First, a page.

Veterans Recognized at St. Scholastica

Abigail Blonigen
ablonigen@css.edu

For most, memories of war are distant: learned in history class or seen on the news. For others, the memories are closer to home: stories from a grandparent, brother, or aunt. But for a few, the memories are a part of who they are. These are the people we recognize on Veterans Day.

Although often overlooked, the College of St. Scholastica has a large veteran population. There are 139 students who served or currently serve in the armed forces, five ROTC students, and 53 dependents or spouses of service members who are served through the veteran center. CSS is a yellow ribbon school, which means veterans who qualify for the Post 9/11 GI Bill can attend tuition-free.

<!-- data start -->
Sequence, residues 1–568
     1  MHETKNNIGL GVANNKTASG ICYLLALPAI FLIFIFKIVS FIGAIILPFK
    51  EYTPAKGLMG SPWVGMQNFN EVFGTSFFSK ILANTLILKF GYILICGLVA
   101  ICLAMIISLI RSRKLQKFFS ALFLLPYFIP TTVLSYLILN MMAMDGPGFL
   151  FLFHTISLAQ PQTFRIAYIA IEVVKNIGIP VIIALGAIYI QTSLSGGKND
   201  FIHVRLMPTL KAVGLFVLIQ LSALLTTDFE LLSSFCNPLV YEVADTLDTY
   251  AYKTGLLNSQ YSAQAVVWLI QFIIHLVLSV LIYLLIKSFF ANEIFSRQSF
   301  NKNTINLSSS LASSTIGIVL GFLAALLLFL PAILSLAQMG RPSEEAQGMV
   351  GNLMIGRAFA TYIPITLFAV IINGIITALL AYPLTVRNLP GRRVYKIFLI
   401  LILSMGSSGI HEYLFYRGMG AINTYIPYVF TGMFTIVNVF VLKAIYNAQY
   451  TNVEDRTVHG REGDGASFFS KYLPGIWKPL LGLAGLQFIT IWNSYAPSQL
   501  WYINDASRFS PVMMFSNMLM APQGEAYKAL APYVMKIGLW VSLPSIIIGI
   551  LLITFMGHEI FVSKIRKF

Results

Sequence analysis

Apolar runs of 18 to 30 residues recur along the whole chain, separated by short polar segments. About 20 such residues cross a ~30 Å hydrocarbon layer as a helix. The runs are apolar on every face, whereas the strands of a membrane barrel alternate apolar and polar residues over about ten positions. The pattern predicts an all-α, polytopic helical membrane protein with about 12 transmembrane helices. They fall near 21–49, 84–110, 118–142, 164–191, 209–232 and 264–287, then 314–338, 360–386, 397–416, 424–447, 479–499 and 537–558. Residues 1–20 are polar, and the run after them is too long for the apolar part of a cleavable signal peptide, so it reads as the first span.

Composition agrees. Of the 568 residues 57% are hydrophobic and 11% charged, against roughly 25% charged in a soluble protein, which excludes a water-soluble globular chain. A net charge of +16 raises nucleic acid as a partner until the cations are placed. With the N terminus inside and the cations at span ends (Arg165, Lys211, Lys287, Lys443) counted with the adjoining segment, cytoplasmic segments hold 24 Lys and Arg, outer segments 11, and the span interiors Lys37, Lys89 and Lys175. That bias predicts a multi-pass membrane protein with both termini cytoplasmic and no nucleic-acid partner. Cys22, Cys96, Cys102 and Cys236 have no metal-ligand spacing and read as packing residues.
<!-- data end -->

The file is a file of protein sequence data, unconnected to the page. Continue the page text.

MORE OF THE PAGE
Also overlooked are the struggles service members face when coming back to school. This is where Jessica Johnston comes in. Johnston is part of the academic support services department, and has a special focus on veteran support. Johnston, whose father served in the National Guard for 20 years, knows the ins and outs of veteran benefits, resources, and runs the veteran center on campus.

“I always knew that service was important,” she said. “Whether it be service to country or service to community. I think that’s why folks are drawn to St. Scholastica, because our values latch on to the military values of service and community.”

Fifth year social work and peace and justice major Jayce Mayberry would agree. Mayberry, who was deployed once to Iraq and once to Afghanistan, said he chose St. Scholastica because of the class sizes and the bond he had with the campus.